Ketogenic Diet For Bodybuilding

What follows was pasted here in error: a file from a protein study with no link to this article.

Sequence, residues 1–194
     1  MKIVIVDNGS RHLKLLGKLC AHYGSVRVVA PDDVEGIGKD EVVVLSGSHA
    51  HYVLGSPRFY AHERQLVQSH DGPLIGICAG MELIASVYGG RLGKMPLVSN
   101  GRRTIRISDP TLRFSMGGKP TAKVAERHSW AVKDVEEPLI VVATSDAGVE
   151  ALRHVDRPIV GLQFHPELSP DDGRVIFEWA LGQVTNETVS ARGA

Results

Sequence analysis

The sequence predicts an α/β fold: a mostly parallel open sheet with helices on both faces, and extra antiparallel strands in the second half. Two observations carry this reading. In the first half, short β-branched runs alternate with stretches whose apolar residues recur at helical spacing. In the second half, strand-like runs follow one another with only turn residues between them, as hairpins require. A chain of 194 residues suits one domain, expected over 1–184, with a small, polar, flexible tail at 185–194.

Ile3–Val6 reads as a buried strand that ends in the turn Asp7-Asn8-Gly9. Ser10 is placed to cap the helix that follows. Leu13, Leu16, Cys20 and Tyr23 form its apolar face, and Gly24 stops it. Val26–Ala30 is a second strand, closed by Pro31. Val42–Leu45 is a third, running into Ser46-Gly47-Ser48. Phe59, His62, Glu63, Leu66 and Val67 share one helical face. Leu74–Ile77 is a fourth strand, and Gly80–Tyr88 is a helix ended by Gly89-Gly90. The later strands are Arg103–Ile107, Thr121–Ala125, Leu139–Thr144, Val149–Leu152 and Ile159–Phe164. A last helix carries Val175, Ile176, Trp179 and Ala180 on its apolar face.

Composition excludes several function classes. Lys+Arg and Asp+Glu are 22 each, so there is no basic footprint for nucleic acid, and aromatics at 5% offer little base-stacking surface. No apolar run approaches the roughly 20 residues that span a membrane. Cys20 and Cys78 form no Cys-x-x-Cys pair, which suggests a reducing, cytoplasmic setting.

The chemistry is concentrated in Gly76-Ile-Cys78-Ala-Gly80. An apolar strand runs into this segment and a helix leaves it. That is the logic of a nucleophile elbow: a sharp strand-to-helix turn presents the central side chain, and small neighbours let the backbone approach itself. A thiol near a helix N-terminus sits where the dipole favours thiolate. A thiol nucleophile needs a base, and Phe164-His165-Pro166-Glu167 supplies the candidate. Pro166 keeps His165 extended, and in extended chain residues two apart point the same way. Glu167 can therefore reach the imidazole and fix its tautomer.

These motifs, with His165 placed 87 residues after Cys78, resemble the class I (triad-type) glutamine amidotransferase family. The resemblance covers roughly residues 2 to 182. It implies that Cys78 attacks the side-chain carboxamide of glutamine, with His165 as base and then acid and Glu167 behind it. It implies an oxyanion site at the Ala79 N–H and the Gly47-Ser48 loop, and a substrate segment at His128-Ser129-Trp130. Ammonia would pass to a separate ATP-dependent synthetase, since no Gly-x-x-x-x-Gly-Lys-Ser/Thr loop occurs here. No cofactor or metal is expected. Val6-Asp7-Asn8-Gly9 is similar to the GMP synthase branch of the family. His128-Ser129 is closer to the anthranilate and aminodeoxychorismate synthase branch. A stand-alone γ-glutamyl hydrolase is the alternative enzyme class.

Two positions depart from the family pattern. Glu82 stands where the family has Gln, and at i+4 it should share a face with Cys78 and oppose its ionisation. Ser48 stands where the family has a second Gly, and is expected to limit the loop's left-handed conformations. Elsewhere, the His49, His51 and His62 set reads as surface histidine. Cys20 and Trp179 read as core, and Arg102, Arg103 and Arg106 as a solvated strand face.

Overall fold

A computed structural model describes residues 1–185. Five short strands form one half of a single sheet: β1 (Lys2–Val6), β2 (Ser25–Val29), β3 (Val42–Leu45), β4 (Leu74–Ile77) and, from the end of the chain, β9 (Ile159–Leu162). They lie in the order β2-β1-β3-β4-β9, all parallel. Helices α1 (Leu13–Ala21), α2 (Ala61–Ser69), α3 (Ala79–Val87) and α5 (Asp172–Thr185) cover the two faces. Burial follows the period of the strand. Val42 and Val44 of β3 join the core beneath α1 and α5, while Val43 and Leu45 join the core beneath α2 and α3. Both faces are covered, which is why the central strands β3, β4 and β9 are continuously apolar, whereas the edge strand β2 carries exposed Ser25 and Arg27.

Great bodybuilders and endurance athletes do two things very well: First, they know exactly how to train. Second, they feed their bodies the best possible food to achieve their training goals. But you're probably wondering: Am I really getting the most out of my food, or could I perform better on a ketogenic diet? Or maybe you are asking what is a ketogenic diet? Want to know what it is, then carry on reading... What is it? A ketogenic diet is one high in healthy fats, moderate in protein, and very low in carbohydrates. The keto diet forces the body to burn fat for energy, instead of carbohydrates, which is its default energy source. In a normal diet that contains high amounts of carbohydrates, the body converts carbs into glucose, which is used by the body, as well as the brain, for fuel and any leftover glucose that is not used is then stored as fat. In a ketogenic diet, also referred to as low-carb, the body has very little amounts of carbohydrates to turn into glucose, so it does the next best thing: it turns to the liver. The liver, then, takes the body’s fat supply and turns it into fatty acids, which are converted into ketones and so begins the metabolic process known as ketosis, which uses the body’s fat stores for energy. Now, I hear you say this is great for weight loss... ... but can a bodybuilder or a high endurance athlete follow this way of eating and have the energy needed for peak performance? The concern is: When you lower the amount of carbohydrates in your diet, you’re also lowering your glycogen levels, which is the default energy source for muscles during workouts, and when glycogen is lacking, so is performance. Then you may then wondering: Is there a ketogenic diet for bodybuilding and endurance athletes? The good news is: Strength Continue reading >>